This test directly uses the 3 means of co-located sensors as computed by the Persistence Test. It uses the same inter-sensor test procedure as the other Inter-sensor tests, to be explained on following slides. Appropriate flags are set for each of the 3 co-located sensors.


Quality control of soil moisture and temperature for us climate reference network

Inter-sensor Test, Using Full Values

A test, comparing 3 measurements for the same parameter, at the same location, was developed for use by USCRN for the 3 wires of the Geonor precipitation gauge. The same procedure can be used for the 3 moisture or temperature sensor measurements to determine if any is likely bad.

The test computes the 3 inter-sensor differences and from them determines which, if any, is likely bad. A predetermined limit for inter-sensor differences is used in this test. By using more than one limit, it is possible to place confidence limits on the quality of the determination by this test.

It is also possible to expand this test by making an estimate of sensor quality after first adjusting the values according to the difference in means from the last day’s worth of data, as found by the Persistence Test. Naturally, this can only be done if all 3 sensor means have good quality.


Quality control of soil moisture and temperature for us climate reference network

Inter-sensor Test, Using Full Values – Details

Procedure for determination of individual sensor quality:

X is specified limit value.

Assume all 3 measurements, s1, s2, s3 are bad.

d12 = |s2-s1| d13 = |s3-s1| d23 = |s3-s2|

If ((d12<=X and d13<=X and d23<=X)

or (d12<=X and d13<=X and d23>X)

or (d12<=X and d13>X and d23>X)

or (d12>X and d13<=X and d23>X) then s1 is good.

If ((d12<=X and d13<=X and d23<=X)

or (d12<=X and d13>X and d23<=X)

or (d12<=X and d13>X and d23>X)

or (d12>X and d13>X and d23<=X) then s2 is good.

If ((d12<=X and d13<=X and d23<=X)

or (d12>X and d13<=X and d23<=X)

or (d12>X and d13<=X and d23>X)

or (d12>X and d13>X and d23<=X) then s3 is good.


Quality control of soil moisture and temperature for us climate reference network

Inter-sensor Test, Using Step Values

This test is identical to the Inter-sensor Test, Using Full Values, with the exception that 1-hour changes to values are used instead of full values. Appropriate flag values are set, to be used by the CQC algorithm in determining a final value for the parameter (soil moisture or temperature) and the health of all sensors.


Quality control of soil moisture and temperature for us climate reference network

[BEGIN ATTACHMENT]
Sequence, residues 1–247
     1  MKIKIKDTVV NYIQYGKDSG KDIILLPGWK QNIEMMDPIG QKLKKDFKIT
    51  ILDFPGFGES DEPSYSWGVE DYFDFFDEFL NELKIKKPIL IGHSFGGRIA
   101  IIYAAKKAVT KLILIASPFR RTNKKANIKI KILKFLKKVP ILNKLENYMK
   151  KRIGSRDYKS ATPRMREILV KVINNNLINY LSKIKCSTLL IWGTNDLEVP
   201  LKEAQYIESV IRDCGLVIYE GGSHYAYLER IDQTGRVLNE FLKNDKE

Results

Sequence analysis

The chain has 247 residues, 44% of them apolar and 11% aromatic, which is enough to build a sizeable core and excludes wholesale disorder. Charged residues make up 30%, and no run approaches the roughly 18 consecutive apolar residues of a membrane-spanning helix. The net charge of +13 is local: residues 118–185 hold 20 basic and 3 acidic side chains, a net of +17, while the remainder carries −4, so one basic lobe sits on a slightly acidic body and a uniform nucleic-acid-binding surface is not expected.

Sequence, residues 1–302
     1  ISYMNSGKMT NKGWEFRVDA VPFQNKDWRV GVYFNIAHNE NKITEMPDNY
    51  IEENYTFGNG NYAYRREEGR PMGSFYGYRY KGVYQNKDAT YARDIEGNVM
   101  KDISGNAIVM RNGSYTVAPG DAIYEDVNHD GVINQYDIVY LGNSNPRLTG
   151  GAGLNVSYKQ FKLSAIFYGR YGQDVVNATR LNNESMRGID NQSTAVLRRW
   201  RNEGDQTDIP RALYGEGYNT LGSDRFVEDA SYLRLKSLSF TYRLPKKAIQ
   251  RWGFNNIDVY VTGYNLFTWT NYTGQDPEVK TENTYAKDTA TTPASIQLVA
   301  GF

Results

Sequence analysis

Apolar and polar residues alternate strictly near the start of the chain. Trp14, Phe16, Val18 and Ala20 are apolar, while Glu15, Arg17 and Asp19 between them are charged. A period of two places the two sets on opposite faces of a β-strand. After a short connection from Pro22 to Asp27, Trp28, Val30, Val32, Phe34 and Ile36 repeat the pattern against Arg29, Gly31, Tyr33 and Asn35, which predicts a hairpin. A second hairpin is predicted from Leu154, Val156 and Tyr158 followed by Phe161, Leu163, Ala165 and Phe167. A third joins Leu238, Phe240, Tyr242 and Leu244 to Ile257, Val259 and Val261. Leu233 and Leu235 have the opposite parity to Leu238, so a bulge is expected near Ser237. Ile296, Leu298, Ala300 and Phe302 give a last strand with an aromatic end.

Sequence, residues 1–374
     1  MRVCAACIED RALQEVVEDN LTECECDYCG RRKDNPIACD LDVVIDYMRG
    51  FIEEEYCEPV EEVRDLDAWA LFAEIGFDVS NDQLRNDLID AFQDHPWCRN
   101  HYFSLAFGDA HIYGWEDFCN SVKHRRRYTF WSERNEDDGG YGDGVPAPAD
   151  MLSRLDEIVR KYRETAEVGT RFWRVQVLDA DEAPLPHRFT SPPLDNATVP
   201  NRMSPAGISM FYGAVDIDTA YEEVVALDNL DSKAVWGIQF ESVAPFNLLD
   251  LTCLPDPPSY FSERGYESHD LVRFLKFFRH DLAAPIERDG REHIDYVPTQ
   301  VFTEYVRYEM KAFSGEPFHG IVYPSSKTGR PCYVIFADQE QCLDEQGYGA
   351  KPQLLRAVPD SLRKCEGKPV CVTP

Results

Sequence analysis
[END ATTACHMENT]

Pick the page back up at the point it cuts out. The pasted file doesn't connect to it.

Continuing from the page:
Inter-level Comparison of Values

The use on an inter-level comparison test will require a research and development effort. There are at least two possible methods.

An optimal interpolation estimate of soil moisture or temperature could be made from measurements at other levels. A comparison of the OI estimate with the observations would determine an estimate of sensor quality and the appropriate flag would be assigned.

An alternative, or possibly additional, method would use physics of soil moisture percolation and temperature wave changes in time to make estimates of the observed parameters. Such a methodology is likely beyond the scope of what should be pursued, partly because of its research and development needs, and partly because it would require data at several times and levels, and solar and precipitation data at the surface, for its implementation.


Quality control of soil moisture and temperature for us climate reference network

Comparison of Soil Moisture with Precipitation

This test compares the precipitation record with the soil moisture, particularly at 5 cm depth. Since a time lag is expected between any precipitation and soil moisture increase, a short time record of any precipitation is needed. Statistics need to be developed to establish reasonable time lags and a correspondence between the precipitation amount and the soil moisture increase, which likely will depend upon soil type (i.e. location). Appropriate data flags are set.


Quality control of soil moisture and temperature for us climate reference network

Complex Quality Control Algorithm

The CQC algorithm combines the complex of results from the various tests. It makes a final determination of the quality of each sensor and it specifies a best estimate to the value of moisture and temperature at each soil level.

The development of the CQC algorithm has not yet begun. It is called “complex” both because it uses a complex of tests and because it may use complex logic. Certainly, the logic is non-linear in that the results of the various test interact non-linearly in the final decision regarding the health of the sensors. The estimate of the parameter value (moisture or temperature) will then depend on use of the good sensor values.